The Kon-Tiki expedition was a 1947 journey by raft across the Pacific Ocean from South America to the Polynesian islands, led by Norwegian explorer and writer Thor Heyerdahl. The raft was named Kon-Tiki after the Inca sun god, Viracocha, for whom “Kon-Tiki” was said to be an old name.
Heyerdahl believed that people from South America could have settled Polynesia in pre-Columbian times. His aim in mounting the Kon-Tiki expedition was to show, by using only the materials and technologies available to those people at the time, that there were no technical reasons to prevent them from having done so. Although the expedition carried some modern equipment, such as a radio, watches, charts, sextant, and metal knives, Heyerdahl argued they were incidental to the purpose of proving that the raft itself could make the journey.
The Kon-Tiki expedition was funded by private loans, along with donations of equipment from the United States Army. Heyerdahl and a small team went to Peru, where, with the help of dockyard facilities provided by the Peruvian authorities, they constructed the raft out of balsa logs and other native materials in an indigenous style as recorded in illustrations by Spanish conquistadores. The trip began on April 28, 1947. Heyerdahl and five companions sailed the raft for 101 days over 6900 km (4,300 miles) across the Pacific Ocean before smashing into a reef at Raroia in the Tuamotu Islands on August 7, 1947. The crew made successful landfall and all returned safely.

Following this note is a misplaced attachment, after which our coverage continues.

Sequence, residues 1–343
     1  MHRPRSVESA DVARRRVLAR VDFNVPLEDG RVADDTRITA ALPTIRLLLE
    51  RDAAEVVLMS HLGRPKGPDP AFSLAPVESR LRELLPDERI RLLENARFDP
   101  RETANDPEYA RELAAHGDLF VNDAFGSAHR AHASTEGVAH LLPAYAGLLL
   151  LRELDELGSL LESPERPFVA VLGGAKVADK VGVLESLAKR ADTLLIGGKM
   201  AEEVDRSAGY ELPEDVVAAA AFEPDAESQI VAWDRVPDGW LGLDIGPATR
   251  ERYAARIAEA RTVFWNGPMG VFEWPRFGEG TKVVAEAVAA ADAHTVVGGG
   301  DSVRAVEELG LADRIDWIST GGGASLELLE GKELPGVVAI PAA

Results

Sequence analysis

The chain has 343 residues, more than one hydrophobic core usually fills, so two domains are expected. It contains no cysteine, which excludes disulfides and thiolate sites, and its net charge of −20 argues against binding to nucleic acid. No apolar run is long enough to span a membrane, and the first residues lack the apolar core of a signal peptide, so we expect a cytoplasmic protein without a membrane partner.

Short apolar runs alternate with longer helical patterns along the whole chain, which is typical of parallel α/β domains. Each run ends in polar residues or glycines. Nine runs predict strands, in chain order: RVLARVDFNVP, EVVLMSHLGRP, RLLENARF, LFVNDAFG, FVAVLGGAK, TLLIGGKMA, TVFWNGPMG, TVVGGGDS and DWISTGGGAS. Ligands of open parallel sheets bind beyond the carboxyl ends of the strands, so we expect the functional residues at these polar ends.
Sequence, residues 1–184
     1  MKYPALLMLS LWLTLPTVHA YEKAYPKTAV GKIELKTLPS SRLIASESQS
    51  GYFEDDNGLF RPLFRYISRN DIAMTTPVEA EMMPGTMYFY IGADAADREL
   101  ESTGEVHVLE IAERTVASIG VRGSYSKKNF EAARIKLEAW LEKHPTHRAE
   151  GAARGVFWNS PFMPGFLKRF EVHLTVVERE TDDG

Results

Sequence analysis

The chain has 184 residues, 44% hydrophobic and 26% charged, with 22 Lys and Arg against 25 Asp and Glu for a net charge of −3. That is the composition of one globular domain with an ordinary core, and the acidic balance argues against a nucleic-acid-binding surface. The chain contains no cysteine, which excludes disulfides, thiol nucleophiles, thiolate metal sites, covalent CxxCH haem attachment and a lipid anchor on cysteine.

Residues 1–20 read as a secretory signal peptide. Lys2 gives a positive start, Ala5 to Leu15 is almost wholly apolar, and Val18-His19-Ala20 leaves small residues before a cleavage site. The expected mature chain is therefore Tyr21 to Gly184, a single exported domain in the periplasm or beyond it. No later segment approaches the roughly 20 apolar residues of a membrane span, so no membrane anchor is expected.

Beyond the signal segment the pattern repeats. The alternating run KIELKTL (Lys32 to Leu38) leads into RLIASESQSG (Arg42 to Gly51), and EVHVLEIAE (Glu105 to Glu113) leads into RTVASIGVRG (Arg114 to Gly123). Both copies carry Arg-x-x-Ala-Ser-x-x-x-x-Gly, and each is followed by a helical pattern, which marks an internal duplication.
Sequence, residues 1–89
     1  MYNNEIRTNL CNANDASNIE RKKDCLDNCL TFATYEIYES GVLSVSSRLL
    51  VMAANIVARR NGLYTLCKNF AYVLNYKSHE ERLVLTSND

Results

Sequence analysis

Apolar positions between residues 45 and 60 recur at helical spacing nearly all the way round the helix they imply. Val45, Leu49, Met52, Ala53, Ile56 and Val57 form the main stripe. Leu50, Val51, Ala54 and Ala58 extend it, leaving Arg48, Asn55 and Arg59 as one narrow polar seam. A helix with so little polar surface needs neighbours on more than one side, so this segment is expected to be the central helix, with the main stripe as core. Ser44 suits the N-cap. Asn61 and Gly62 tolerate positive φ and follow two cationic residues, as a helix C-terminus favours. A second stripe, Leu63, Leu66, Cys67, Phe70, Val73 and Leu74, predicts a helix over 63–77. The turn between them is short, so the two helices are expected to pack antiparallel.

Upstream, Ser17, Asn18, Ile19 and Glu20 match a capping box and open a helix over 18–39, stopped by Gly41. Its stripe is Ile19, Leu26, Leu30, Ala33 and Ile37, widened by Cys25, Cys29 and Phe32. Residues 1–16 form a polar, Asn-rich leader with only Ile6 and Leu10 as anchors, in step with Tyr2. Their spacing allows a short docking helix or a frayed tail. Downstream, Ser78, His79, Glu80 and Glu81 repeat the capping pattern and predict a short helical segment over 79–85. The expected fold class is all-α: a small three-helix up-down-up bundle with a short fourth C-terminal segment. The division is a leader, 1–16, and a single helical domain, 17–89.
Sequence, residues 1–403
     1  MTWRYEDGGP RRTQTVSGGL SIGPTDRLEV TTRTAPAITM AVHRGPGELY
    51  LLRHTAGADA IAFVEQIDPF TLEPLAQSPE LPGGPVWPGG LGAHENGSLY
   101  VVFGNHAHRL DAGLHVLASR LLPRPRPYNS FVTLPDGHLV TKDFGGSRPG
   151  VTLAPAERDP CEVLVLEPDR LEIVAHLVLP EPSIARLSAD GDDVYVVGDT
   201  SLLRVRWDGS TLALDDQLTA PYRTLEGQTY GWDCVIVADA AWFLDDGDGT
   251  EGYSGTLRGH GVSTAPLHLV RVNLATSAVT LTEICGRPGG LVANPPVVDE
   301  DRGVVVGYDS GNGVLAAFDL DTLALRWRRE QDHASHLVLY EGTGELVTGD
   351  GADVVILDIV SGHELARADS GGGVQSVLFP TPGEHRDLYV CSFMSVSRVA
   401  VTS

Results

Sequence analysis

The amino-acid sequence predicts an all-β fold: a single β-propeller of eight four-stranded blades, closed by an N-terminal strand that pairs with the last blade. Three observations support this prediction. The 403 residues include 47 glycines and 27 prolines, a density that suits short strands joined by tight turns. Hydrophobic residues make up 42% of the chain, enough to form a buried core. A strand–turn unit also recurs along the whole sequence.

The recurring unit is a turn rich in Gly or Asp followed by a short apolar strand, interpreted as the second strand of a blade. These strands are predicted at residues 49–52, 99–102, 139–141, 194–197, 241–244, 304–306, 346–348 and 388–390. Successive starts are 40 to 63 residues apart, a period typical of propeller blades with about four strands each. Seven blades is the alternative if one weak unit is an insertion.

Salomon August Andrée’s polar station at Danskøya, Svalbard, Norway before the ill-fated Arctic balloon expedition of 1897
The three men trying to reach the North Pole all perished, the bodies weren’t found until 1930.
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S. A. Andrée’s Arctic balloon expedition of 1897 was an effort to reach the North Pole in which all three expedition members perished. S. A. Andrée (1854–97), the first Swedish balloonist, proposed a voyage by hydrogen balloon from Svalbard to either Russia or Canada, which was to pass, with luck, straight over the North Pole on the way. The scheme was received with patriotic enthusiasm in Sweden, a northern nation that had fallen behind in the race for the North Pole.